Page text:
They want to destroy our human identity. This is what we must fight.
Executed in 1988 during the massacre of 30,000 political prisoners
Education: Student of Newcastle University UK
When she was arrested, her only ‘crime’ was that she was the sister of Massoud Rajavi, the leader of the Iranian Resistance. Her daughters, Maryam and Marjan, were also arrested together with her.
Monireh Rajavi spent the next seven – and final- years of her life in the mullah’s prison. The interrogators and torturers subjected her to every conceivable pressure – physical and psychological- to force her to denounce her brother and the PMOI. Other inmates, also victims of brutal torture and abuse by prison guards, were shocked by the henchmen’s brutal treatment to Monireh.
For months, Monireh and other political prisoners were tortured in front of her two daughters. In 1985, her husband, Asghar, was executed. But this did not break her resolve. In the absence of any charges, the judge sentenced her to two years ‘imprisonment in a trial which lasted a few minutes. But she was never released and five years after completing her sentence, she was executed in 1988.
Monireh studied Persian literature at Mashhad University in the early 1970s. She went to the UK to continue her studies at the University of Newcastle. But in 1971 when the Shah’s dreaded secret police, SAVAK arrested of her youngest brother Massoud, a wind of change hit her life.
Monireh devoted all her time and energy to campaign and expose the crimes perpetrated by the Shah’s regime in a bid to save the lives of political prisoners, in particular her brother Massoud, whose execution was imminent. She joined Amnesty International in Newcastle and together with other Iranian students, formed the “Committee against Repression in Iran”. She published several booklets on the situation of political prisoners in Iran.
Prison officials soon developed the habit that whenever the PMOI dealt a blow to the regime, they would summon Monireh and torture her. One of her former fellow inmates wrote: “One day when I went for interrogation, I saw two small children with fair hair standing outside the torture chamber at the seventh branch of the prosecutor’s office in Evin prison. I was surprise to see children there. Why did they have to witness the torturers’ brutality. Their mother could not calm them down. The prison guard kept beating them. I quietly asked the woman her name. ‘My name is Monireh Rajavi and I am charged simply for being Massoud’s sister,’ she said. She was often insulted and beaten up brutally, but they were never able to break her.”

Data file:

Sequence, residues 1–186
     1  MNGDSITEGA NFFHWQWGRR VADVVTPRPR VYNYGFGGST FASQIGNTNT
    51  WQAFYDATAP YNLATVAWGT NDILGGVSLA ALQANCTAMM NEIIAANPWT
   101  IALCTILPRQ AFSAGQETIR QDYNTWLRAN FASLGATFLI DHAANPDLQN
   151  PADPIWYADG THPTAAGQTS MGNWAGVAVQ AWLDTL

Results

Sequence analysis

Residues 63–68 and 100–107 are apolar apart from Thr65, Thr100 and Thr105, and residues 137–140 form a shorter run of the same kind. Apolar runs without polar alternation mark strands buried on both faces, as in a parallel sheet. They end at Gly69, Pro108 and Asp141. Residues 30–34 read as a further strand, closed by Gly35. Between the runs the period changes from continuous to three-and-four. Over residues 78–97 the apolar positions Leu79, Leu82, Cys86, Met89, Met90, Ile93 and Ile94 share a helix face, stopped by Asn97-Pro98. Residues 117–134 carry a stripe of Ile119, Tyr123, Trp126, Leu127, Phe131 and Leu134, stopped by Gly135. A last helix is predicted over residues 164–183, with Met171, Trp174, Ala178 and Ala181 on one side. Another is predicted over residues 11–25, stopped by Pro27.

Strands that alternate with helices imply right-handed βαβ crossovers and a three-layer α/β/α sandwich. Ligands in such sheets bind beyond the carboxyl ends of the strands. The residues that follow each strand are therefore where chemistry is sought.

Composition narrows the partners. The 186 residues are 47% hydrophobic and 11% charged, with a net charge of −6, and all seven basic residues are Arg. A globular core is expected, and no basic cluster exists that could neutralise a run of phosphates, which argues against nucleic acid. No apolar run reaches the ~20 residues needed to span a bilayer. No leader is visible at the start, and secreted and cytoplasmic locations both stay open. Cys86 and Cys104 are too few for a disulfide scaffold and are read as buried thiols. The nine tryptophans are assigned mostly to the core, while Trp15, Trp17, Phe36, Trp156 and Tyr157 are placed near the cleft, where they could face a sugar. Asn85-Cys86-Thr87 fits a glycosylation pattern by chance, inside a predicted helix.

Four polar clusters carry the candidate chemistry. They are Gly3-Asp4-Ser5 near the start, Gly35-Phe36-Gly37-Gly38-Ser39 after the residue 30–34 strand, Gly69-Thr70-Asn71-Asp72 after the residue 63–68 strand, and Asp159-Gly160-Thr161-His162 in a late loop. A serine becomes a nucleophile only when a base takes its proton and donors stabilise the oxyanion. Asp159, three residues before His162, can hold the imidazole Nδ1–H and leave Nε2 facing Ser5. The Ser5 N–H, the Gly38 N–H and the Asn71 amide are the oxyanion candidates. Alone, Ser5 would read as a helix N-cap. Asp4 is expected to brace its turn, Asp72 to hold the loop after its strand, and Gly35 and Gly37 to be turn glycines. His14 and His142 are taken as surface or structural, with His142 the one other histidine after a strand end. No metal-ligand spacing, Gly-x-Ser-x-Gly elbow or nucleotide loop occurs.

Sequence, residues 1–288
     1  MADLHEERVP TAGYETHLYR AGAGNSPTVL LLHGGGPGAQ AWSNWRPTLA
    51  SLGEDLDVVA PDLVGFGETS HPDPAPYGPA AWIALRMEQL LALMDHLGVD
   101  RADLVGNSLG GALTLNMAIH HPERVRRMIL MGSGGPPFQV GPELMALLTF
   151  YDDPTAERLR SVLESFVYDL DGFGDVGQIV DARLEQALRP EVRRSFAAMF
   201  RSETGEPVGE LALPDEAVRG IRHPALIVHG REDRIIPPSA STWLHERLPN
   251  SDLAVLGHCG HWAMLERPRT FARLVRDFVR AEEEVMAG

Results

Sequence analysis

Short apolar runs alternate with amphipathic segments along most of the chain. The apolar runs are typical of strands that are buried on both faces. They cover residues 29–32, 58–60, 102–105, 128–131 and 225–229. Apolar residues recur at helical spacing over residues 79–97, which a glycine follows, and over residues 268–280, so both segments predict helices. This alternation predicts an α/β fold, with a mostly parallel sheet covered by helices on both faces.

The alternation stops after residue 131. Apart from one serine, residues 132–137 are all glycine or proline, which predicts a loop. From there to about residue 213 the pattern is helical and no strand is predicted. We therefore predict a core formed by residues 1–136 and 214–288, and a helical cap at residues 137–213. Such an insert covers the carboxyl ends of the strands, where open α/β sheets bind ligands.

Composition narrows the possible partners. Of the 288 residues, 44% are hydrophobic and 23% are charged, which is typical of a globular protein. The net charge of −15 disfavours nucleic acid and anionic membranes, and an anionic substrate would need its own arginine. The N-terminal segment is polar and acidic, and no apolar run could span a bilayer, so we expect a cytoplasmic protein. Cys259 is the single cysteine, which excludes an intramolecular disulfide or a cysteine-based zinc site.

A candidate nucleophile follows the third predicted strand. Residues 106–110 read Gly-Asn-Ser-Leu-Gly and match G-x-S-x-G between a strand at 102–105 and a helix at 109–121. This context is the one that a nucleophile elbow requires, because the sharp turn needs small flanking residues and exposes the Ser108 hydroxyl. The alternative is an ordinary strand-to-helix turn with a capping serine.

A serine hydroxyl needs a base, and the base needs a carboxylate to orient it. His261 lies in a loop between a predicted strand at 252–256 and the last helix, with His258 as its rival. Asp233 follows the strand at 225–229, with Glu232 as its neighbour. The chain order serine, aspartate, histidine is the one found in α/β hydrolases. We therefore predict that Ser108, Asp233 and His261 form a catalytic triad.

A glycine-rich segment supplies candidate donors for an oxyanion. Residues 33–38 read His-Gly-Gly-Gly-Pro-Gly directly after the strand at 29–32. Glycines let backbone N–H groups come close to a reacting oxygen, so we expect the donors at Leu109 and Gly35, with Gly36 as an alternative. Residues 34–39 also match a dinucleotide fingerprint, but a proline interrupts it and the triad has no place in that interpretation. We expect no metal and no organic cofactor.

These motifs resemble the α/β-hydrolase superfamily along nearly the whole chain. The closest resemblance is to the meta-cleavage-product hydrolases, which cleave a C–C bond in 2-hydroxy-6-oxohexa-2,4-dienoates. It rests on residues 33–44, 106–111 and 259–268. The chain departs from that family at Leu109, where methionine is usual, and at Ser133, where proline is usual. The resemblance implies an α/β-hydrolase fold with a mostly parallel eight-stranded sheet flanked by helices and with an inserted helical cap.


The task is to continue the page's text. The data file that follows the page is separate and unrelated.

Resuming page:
Another cellmate recalls: “Monireh’s affection toward other prisoners was common knowledge. Even the interrogators knew this. Once, an interrogator approached us and asked our names. When he got close to Monireh, he kicked her and said: ‘I will never allow you to get out alive and become a hero for your brother.’
Once they took Monireh to an interrogation session because she was teaching others English. They beat her up brutally. When she returned, she was badly bruised and black and blue all over her body. Her feet were swollen and bloody. But even in this stated, she was high spirits. She sat down calmly and said: ‘All they were saying was why I am teaching other prisoners English. They said you are educating others so that when they are released, they would go abroad and join your brother.’
Whenever we came back from interrogation sessions, Monireh was the first to come and help us. I heard her say many times: ‘They want to destroy our human identity. But this is what we must fight. The way to do it is to care more for one another.’ And in this regard, she was a shining example.”
Another prisoner wrote: “They took Monireh for interrogation on March 9, 1984. We were very concerned because this was the second time they had taken her away and then to the court where they issued a verdict. She returned to the cell that night. She said they had taken her to visit Asghar (her husband). She was carefully choosing her words to no disturb us with the news that Asghar as on the verge of being executed.
“She said Haji Mojtaba who was present when she met Asghar was constantly telling them to hurry up and finish the visit. He said: ‘We must execute Asghar at 9:00 pm. I cannot delay the verdict issued by the religious judge. I must carry out the verdict in 15 minutes.’”
Monireh was executed in 1988, during the massacre of 30,000 political prisoners in a matter of a few weeks. Mullah Nayyeri, Evin Prison’s religious judge, personally followed up her execution, insisting that it must be done as quickly as possible. Monireh was 38 at the time.